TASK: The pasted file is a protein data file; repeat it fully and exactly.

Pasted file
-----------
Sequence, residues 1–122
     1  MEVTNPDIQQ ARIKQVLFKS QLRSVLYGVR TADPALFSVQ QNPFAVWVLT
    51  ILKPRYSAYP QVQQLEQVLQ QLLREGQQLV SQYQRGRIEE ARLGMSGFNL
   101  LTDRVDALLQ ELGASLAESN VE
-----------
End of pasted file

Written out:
Sequence, residues 1–122
     1  MEVTNPDIQQ ARIKQVLFKS QLRSVLYGVR TADPALFSVQ QNPFAVWVLT
    51  ILKPRYSAYP QVQQLEQVLQ QLLREGQQLV SQYQRGRIEE ARLGMSGFNL
   101  LTDRVDALLQ ELGASLAESN VE